Acting like I'm sleeping


He told us that his working environment is a bit too quiet to his liking, as there is not much to experience or see in this station. He has only two weeks of absence per year. The rest of the time, he is either here on in Villa O’Higgins eight kilometers north. He told us that you can be stationed all of the country, even on Antarctica. After 20-25 years of service, you can retire, meaning that Enzo can stop working when he’s about 45 years. That is twenty years earlier than when you’d have a non-government job…. I imagine that that makes it pretty tempting to work as a government official.


We didn’t have to worry about a possible cancellation of tomorrow’s ferry, as Enzo is the guy with the final word and he told us that everything was looking perfectly fine. We had a pretty good night on our inflatable mattresses inside his heated container. The following morning, my dad quickly took a picture of me with Enzo before we descended to the dock, where our boat was waiting for us already.


Thanks Enzo!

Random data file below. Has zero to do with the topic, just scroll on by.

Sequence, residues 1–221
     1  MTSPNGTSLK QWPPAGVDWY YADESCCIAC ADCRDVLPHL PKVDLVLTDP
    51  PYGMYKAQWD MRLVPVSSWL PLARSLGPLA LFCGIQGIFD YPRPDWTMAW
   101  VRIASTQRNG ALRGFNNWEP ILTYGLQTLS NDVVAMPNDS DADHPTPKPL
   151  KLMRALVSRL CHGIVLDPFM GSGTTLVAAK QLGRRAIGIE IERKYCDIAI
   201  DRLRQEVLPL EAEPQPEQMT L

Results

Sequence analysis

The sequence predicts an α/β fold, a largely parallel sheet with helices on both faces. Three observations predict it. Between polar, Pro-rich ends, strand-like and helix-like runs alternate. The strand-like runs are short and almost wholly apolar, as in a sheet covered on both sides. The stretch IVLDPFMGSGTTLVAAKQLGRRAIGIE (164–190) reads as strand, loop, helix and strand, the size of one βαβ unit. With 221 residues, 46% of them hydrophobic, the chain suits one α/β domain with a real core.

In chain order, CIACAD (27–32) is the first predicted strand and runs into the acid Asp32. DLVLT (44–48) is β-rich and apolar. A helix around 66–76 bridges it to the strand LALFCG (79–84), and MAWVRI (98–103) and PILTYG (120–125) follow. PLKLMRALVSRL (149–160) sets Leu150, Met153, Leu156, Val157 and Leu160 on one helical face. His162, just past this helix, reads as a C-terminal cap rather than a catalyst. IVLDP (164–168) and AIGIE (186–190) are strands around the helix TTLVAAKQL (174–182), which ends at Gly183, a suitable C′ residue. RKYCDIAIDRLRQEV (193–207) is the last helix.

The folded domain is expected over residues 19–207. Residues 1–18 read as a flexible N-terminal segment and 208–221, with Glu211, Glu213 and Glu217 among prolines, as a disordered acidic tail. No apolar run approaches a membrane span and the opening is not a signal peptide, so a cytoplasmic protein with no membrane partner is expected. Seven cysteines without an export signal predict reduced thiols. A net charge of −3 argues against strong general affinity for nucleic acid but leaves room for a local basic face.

The little boat had reached its maximum capacity and there were eight bicycles on board. On our way to the next dock, Candelario Mancilla, we spoke with a Stan as he’d recognized our flags. Stan is a Belgium and is travelling together with his Swiss fiancé Pauline, he proposed to her like a month ago. She said yes! The passage went all quickly and smoothly and we arrived at this next dock an hour and a half later. This is still in Chile. There is a small provisional looking immigration office about one kilometer from this dock where we had to get our passports stamped to officially leave Chile again.


The gigantic ship


The captain


The only picture we could fine with Stan and Pauline


This border passage is only accessible by bicycle or foot and is open for three months per year. Annually, there are about 2000 tourists that use this border crossing, so it wasn’t particularly crowded. My father and I had the worst (and most heavy) setup for this rocky road, so we were the last ones of the group. It’s a stretch of 20 kilometers to reach the immigration office on the Argentinian side, the last five kilometers consists of a trail through a muddy forest. We struggled through this muddy road and had to go around several fallen trees and little rivers. It took us about four hours to cover these five kilometers alone…. It was fun at first, but I didn’t really enjoy it anymore after two hours. My father did a much better job than me!